As an aside, I love the graphics they used to portray each of the featured individuals. They are portrayed in positive light, as if they were a famous, contemplative author or musician. I think this is a wonderful way to portray those who have difficult stories to share.
Pieces like this can really work to decrease stigma of those with disabilities. Imagine if a teacher shared these stories with a class in middle school?
One of my favorite modern writers is Colum McCan and I was able to see him a few weeks ago at NY presbyterian. He is hyper dope and I recommend to check out his books. My favorite is “Let the Great World Spin.” Seeing him in-person was surreal because a few years ago I was reading his book and googling him from afar, trying to envision how he was able to create these intricate and sensitive stories. His books often feature characters from various ages, background and cultures. I can tell you he was exactly how I envisioned him.
Since it was hosted at NY Presbyterian by the Columbia Narrative Medicine program it had a health spin. He explained that listening to patients is like storytelling. Although the patient may come in for cut on her arm, the factors may actually be the bills she can’t pay. I have never heard an author be so tuned-in to social determinants of health and its probably why he is such an excellent writer. He stated to properly heal is beyond “recognizing the disease.” He shared in his own work, he had to learn about the health conditions to truly write so as to bring a character to life.
Additionally, he took at moment to highlight his nonprofit Narrative Four. There is a great video from the author explaining the storytelling mission of the organization. You can find the video here Narrative Four Video.
My absolute favorite campaign right now is the Ad Council’s Autism Awareness ( ad featured below). Here is a great video that seems like it could be appropriate not just for families learning how to handle an autism diagnoses but also for young students. This would help children develop more empathy and understanding towards those with developmental disabilities. I have volunteered with Easter Seals and truly believe in its evidence based programs. Here is some interesting info. on services for children while attending school. My favorite part of the organization was learning how having an inclusive school environment helps those with disabilities progress faster and helps those without learn to be empathetic and sensitive at an extremely young age = win-win.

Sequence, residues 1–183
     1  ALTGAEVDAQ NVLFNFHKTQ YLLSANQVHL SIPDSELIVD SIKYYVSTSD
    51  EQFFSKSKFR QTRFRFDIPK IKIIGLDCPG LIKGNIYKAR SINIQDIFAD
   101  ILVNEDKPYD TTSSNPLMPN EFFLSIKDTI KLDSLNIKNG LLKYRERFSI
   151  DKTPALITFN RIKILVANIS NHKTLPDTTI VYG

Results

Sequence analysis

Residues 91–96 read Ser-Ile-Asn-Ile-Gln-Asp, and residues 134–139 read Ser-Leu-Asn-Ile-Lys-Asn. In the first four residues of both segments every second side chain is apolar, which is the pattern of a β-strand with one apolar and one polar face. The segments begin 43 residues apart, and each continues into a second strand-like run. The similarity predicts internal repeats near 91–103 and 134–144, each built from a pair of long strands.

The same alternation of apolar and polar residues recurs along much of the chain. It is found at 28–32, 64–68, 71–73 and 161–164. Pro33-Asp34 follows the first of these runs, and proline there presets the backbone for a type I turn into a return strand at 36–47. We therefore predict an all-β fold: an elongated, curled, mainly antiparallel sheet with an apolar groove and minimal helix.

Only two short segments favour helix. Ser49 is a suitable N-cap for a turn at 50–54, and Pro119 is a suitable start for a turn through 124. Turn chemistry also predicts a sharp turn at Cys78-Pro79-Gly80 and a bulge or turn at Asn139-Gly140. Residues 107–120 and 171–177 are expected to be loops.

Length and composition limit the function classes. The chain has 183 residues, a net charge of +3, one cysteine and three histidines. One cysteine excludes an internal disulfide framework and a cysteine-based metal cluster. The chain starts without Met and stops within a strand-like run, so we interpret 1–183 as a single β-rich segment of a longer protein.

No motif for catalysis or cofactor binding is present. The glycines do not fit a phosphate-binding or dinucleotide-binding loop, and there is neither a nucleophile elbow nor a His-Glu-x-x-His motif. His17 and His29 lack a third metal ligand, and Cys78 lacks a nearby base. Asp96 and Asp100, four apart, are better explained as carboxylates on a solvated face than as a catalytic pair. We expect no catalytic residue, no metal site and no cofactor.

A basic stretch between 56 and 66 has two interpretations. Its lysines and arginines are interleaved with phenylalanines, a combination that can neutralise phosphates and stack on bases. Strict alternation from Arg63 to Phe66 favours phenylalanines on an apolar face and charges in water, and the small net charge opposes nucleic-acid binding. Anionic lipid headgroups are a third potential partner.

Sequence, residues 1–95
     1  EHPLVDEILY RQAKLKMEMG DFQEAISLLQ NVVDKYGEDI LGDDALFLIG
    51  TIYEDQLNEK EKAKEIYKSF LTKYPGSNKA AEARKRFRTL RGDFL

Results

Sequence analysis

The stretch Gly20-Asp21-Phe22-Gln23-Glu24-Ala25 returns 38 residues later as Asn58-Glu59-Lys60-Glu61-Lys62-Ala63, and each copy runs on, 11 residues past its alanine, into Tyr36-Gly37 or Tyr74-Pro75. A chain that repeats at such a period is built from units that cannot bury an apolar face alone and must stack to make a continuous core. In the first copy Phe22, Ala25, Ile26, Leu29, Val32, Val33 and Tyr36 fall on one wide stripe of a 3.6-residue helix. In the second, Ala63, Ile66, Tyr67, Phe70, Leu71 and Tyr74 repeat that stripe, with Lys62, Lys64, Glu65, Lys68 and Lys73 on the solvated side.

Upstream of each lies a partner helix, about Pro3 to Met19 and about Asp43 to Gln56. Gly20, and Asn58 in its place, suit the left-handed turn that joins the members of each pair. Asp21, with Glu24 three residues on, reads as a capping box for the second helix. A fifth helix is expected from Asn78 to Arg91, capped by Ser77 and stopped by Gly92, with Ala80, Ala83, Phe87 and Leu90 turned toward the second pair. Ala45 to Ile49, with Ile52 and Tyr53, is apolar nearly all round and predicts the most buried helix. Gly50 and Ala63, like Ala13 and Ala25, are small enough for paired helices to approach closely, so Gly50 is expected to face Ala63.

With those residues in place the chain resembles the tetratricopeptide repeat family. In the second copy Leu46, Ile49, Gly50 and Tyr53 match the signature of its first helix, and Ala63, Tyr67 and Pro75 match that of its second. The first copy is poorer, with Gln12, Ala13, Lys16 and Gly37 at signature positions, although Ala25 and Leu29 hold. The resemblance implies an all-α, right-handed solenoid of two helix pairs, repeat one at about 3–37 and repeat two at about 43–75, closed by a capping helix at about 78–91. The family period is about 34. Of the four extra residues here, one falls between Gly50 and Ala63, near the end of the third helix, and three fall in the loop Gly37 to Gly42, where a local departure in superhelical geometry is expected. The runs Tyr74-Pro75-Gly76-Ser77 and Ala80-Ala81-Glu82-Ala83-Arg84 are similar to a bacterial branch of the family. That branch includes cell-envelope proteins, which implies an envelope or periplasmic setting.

Most importantly, here is an interesting a report that says financial and economic status plays a role in increasing chances of autism, as a mother’s health can effect rates. You can find the study on autism here. Just another example of how your environment can determine your health.
Since I had three people ask me about my smoothie last Tuesday I figured I would post about it. I get the best smoothies from Nussbaum and Wu and they are super delish. I ask for kale, spinach, a whole banana, 4 pieces of mango, plain yogurt and blueberries. If I’m ever stressed or feel like snacking, I always pop in to get a smoothie. Its funny because when you are stressed your body craves unhealthy snacks, but what you actually need at that moment is something hyper healthful. I’ve read countless articles about nutrition, but here are a few of my favorite topics. Here are two great articles linking nutrition to mental health Huffington Post and Washington Post. Nutrition is probably the most important thing you can monitor every day and that can dictate much of your health status.
Since I’ve been posting a fair amount about public health campaigns, I figured I would see if there were any commercial campaigns that were targeting healthy behaviors, but through a marketers eyes. Here are some other campaigns that I thought had a creative twist from Trendhunter.
I also enjoyed this World Health Day campaign. This is classified as a public health campaign, since the desired end result is improved health outcomes and behavior change
When I was home for spring break getting my hair cut and I saw some attention getting packaging that caught my eye.
These were done by R and Co and its obvious that they are soaked in customer insights. In reality what does a well done manicure or a leather jacket have to do with hair spray? Absolutely nothing. And it doesn’t really matter. What matters is that I knew I liked it and it stood out from the other products. This made me wonder if any health products were trying out similar tactics.
When I looked to see if there similar techniques in packaging. I quickly was able to find a fair around. Below are some examples of a creative food, acne medicine and meal packaging.
This is my favorite packing item. As soon as I saw it I could imagine myself grocery shopping in NYC and seeing this, feeling home sick, buying it and sending a pic to my mom. I love that you can see the actual products and the drawings are creative without being too much. Its limit on colors, and white packaging help create a simple, crisp look that seem to be a good choice and properly reflect the values of a produce company.
I have never been on a campus that has been so accommodating to individuals with disabilities. My higher education experience has not been extensive, but I have spent a fair amount of time in a small town in central VA and private university in DC for undergraduate and graduate coursework. My first hand account of Columbia incredible. Right way I noticed several students in wheelchairs. The school does an excellent job of placing ramps to every lecture hall and anywhere there is uneven terrain. I can’t help but feel very proud and lucky to be apart of a system that supports everyone. It truly keeps the school and city for everyone who wants to be here, and showing it is possible to have a space for all.
This seems to extend past Columbia, as well. All around NYC I see blind individuals taking the subway alone and restaurants with similar accommodations (below).